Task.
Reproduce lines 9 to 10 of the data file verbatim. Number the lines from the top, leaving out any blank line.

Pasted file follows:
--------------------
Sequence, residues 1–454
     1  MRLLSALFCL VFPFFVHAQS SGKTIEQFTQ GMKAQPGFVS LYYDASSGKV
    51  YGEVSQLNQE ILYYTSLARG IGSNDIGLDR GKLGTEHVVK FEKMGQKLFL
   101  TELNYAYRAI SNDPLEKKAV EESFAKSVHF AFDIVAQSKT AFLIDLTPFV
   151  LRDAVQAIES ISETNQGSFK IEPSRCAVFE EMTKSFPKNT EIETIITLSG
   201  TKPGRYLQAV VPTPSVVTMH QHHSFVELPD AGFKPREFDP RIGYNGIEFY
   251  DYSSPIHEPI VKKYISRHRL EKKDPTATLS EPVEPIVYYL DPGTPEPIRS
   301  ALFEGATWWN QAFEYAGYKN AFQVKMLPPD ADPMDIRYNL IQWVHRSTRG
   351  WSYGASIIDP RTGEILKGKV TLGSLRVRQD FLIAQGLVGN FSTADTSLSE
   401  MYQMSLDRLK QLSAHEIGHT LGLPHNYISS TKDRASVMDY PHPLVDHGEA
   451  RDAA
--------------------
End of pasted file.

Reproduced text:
   351  WSYGASIIDP RTGEILKGKV TLGSLRVRQD FLIAQGLVGN FSTADTSLSE
   401  MYQMSLDRLK QLSAHEIGHT LGLPHNYISS TKDRASVMDY PHPLVDHGEA